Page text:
Music Business

Streaming creates hype, but radio still drives engagement says a new study

A new study from the team at analytics platform Vibrate suggests that while streaming creates hype, radio is still better at driving long-term engagement.

Vibrate analyzed 24,000 radio stations in 150 countries and dug deep into Spotify to learn which were June 2021’s most played artists.

The study found key differences.

Viberate analyzed the 100 most-streamed artists on Spotify and compared them to the 100 artists with the most radio airplay.

Streaming prefers “junior” artists with careers under 15 years. While radio is friendlier to more established artists.

64 % of the 100 most-spinned artists on radio have been in the business longer than 15 years compared to 80 % of the 100 most-streamed having emerged in recent years.

As examples, Olivia Rodrigo, Bad Bunny, and Rauw Alejandro were among the most-streamed artists on Spotify in June, while Dua Lipa, Ed Sheeran, and The Weeknd claimed the top 3 radio spins worldwide.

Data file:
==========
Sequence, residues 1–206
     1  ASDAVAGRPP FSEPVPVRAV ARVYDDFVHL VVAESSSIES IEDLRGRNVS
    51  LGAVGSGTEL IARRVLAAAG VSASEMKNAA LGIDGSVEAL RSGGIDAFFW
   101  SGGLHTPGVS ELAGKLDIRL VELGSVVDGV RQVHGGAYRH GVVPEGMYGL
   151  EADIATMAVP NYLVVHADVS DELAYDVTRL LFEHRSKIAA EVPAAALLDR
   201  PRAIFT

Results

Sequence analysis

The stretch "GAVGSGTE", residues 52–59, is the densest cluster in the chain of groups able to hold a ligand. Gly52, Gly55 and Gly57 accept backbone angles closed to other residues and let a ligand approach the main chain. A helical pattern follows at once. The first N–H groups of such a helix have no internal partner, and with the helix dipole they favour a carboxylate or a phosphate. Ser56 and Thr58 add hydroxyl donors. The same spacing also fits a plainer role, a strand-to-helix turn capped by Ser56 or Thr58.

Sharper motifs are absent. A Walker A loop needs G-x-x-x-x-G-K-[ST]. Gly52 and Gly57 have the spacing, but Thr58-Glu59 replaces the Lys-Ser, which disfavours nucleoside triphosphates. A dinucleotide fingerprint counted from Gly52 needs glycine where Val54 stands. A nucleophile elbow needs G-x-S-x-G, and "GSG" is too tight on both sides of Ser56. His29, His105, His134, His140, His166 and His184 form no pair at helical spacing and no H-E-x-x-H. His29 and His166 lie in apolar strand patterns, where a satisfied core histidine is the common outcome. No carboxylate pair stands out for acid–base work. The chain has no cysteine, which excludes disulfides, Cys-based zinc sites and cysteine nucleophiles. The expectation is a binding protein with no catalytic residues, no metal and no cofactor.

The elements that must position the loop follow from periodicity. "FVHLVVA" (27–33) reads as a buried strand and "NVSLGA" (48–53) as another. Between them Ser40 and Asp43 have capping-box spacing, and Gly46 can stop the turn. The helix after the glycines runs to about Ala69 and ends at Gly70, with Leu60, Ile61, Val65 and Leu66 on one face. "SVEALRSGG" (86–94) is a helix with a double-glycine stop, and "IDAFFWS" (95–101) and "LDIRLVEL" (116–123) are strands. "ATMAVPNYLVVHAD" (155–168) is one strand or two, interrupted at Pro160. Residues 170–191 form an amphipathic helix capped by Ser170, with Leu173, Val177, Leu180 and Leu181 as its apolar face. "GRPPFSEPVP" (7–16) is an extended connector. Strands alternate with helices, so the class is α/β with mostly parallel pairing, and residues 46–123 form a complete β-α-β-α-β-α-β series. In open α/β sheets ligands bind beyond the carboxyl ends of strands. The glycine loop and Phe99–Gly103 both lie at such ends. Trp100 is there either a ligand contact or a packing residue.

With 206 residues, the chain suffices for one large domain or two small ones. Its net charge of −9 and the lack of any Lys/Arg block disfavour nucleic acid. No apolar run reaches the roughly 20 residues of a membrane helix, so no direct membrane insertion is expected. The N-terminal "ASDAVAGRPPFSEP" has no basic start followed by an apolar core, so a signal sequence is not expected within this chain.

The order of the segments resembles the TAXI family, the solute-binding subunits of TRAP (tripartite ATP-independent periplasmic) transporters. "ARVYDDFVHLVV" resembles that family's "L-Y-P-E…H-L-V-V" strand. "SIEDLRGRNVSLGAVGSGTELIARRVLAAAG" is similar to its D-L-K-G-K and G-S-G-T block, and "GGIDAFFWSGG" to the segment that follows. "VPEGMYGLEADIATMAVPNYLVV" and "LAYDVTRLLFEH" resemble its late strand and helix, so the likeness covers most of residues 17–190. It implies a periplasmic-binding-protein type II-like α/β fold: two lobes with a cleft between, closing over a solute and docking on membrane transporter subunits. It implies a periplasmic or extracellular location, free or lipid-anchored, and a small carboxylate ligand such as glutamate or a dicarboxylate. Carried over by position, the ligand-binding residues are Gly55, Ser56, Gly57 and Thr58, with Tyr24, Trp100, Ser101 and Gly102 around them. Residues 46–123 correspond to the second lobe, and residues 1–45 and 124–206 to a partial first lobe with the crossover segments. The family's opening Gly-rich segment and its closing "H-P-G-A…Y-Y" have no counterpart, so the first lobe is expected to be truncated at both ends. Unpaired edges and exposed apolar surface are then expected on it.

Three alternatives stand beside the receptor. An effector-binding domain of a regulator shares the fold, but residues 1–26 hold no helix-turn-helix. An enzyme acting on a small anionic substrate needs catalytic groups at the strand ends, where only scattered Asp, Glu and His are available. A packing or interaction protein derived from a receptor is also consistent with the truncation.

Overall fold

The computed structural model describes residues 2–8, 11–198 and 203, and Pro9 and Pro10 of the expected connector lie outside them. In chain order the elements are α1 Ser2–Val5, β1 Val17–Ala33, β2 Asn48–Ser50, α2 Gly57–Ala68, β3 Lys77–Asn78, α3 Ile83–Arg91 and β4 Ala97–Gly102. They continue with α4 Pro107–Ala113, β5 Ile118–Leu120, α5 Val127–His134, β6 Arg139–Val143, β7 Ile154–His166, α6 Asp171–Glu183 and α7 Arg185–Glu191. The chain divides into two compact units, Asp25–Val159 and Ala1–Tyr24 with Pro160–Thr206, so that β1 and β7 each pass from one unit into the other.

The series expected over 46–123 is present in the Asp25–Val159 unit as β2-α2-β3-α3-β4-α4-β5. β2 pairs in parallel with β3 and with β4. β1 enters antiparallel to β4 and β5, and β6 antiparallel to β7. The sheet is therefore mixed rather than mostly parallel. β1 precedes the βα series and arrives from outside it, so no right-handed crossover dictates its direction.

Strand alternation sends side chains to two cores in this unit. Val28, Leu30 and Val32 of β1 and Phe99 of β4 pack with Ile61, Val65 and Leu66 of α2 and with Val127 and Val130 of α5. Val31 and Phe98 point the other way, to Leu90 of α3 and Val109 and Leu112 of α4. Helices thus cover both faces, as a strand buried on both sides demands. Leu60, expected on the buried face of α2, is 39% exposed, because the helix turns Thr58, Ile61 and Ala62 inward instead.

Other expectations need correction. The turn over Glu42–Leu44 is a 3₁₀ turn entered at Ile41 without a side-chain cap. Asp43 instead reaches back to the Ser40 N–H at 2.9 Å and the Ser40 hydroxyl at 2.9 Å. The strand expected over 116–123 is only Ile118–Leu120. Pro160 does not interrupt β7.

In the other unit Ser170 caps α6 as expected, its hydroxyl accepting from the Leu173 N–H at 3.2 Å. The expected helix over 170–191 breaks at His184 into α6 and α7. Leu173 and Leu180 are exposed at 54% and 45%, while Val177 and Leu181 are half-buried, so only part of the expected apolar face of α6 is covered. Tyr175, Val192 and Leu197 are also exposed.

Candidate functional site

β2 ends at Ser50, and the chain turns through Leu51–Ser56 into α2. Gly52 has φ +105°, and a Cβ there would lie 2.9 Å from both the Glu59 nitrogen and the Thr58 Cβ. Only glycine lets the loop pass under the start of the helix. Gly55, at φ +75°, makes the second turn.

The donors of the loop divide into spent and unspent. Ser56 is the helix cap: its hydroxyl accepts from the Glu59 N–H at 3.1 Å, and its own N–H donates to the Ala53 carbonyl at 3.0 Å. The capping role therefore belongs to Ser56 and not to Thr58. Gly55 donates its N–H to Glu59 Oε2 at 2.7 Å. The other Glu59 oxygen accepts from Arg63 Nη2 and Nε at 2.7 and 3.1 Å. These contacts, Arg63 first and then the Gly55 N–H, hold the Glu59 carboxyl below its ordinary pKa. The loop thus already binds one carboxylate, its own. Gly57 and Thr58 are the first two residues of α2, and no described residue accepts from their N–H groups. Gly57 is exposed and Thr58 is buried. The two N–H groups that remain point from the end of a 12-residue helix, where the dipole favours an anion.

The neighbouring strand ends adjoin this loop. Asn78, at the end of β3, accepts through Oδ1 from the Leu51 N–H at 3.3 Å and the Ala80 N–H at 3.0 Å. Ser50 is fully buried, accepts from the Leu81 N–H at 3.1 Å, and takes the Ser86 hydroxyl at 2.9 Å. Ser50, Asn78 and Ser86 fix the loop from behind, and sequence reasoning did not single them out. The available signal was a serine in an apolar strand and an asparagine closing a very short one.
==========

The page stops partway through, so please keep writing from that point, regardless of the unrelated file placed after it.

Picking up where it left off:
Pop vs. Hip Hop

Pop and Rock represented 75 % of all radio spins worldwide (Pop alone had 42 %), and Electronic took third place. On Spotify, Hip Hop amassed 38 % of the top 100 streams, followed by Pop (27 %) and Latin (18 %).

Long-term fan interest

The five most-streamed artists each secured between 437M and 1B monthly streams, and their average monthly royalty payout was estimated at $687.5k.

The 100 artists with the most radio airplay saw an average of 154k monthly radio spins, suggesting that radio holds a role at the tail end of the consumption curve, encouraging long-term listenership and sales.

More findings are available in the free Vibrate report that you can download here.

Bruce Houghton is Founder and Editor of Hypebot and MusicThinkTank and serves as a Senior Advisor to Bandsintown which acquired both publications in 2019. He is the Founder and President of the Skyline Artists Agency and a professor for the Berklee College Of Music.

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  1. Radio is missing out on a tremendous opportunity with streaming. Adding video to radio (instead of using audio content, a station uses audiovisual content: the audio is broadcast on the transmitter while simultaneously the audiovisual is streamed on the station’s website) allows the station to sell more valuable audiovisual ads and introduce product placement (i.e., Howard Stern and Snapple). And yes, there’s a patent on this.

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